Echoing the sentiments of my last blog, children acquire knowledge about their culture through the absorption of media. Thus, there should be encouragement to watch different kinds of media from their ethnic backgrounds to learn about their culture while also having the opportunity to learn their native tongue. For instance, Asian cultures have an array of dramas available on major streaming platforms such as Netflix and Hulu which have steadily allowed more people to easily have access to shows in their native tongue rather than paying  for additional channels on a cable provider. You’re also not limited to dramas at all as these platforms have other genres that include, and not limited to, thriller, horror, romance, comedy, animation, and action. Want to learn about Filipino family lifestyles in Tagalog? Just turn on the English subtitles and slowly make connections between the words. Want to watch a historical Korean drama? Easy, Netflix has those too. There are also other streaming platforms that have a variety of international shows to choose from! Nowadays, accessibility is key which is why these platforms continue to add more films and shows in their catalog so you might as well take advantage of your $6.99 a month subscription. 

Additionally, this could also enable children to be bilingual or at least be able to understand family members who may not speak English well or at all beyond fostering a growth of their cultural identity. You also don’t have to be a child to learn about your culture since it is never too late to start! There’s always time to begin and a resume you could always add too as well. There is truly no harm to any attempts, unlike how the Duolingo bird haunts you if you miss a day, so start watching some shows in your free time! (Seriously, that bird scares me to this day.)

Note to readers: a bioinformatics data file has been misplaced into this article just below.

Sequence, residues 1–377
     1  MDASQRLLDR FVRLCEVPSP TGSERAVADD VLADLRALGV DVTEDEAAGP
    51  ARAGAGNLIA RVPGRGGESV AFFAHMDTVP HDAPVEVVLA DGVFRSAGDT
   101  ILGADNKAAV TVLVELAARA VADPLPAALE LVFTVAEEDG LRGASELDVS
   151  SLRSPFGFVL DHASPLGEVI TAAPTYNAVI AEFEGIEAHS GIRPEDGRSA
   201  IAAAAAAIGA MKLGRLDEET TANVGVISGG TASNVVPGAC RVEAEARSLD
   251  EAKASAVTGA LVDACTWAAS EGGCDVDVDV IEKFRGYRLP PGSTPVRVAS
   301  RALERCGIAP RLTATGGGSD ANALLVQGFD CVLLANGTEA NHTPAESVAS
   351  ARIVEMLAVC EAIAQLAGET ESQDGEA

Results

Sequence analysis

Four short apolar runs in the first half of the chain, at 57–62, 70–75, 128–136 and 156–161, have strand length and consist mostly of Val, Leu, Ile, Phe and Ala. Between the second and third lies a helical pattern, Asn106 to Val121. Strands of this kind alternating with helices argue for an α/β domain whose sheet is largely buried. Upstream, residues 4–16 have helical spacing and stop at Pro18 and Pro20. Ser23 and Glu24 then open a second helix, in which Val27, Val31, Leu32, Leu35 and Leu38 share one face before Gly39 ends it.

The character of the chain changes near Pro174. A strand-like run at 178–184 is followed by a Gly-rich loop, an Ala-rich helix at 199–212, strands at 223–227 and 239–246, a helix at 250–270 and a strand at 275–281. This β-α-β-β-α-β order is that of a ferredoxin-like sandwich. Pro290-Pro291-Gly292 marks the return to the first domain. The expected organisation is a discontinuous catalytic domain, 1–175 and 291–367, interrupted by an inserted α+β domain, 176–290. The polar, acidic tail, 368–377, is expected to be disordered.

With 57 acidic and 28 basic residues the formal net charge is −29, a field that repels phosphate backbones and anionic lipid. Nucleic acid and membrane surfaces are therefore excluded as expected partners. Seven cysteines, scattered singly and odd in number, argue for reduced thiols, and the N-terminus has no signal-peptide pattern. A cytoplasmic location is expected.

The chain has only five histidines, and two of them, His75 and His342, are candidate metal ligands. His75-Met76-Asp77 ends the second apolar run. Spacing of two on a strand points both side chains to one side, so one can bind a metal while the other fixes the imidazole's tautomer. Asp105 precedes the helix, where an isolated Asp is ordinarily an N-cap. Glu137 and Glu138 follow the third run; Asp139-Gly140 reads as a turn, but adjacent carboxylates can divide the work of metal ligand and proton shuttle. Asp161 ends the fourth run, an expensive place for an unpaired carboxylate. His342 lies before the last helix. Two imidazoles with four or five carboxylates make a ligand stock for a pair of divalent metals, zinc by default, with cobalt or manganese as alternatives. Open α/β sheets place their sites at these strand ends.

This is the Duolingo bird that reminded me to practice Spanish daily. It truly haunts me.

Now, you may be wondering…”Alex, where is your proof that watching a gaming drama in Mandarin for over 36 hours will do anything for me? ” Well, first you got to actually pay attention to the dialogue in the show by connecting the English to Mandarin phrases. Also, look at me as living proof of what could be possible.

I grew up watching Forevermore, Got to Believe in Magic, and On the WIngs of Love to name a few, meaning that these were my equivalent of a language app in my childhood. I have learned to the point where there are no English subtitles needed and I feel a connection to my culture as a Filipino-American who didn’t grow up in the Philippines. Watching these teleseryes allowed me to connect with other Filipinos on the actual shows or aspects of it, allowing me to truly feel loved by my cultural identity. I can even belt out all the theme songs of these shows, as evident in my car rides with my sisters, and feeling like I’m close to home. However, as a disclaimer, I can not guarantee that you’ll truly learn Mandarin by solely watching some shows. I can say that you will develop a cultivated understanding for your culture, possibly connect your native tongue with English, and perhaps be at peace with your dual identity as whatever type of American identity you fall under.

This is your journey, as corny and “protagonistic” as it sounds, which is why involving yourself with these media sources could help with the start of it. But seriously, don’t waste your Netflix subscription and watch at least one show. Make that money worth it even though those English subtitles won’t be completely accurate. It’s a start!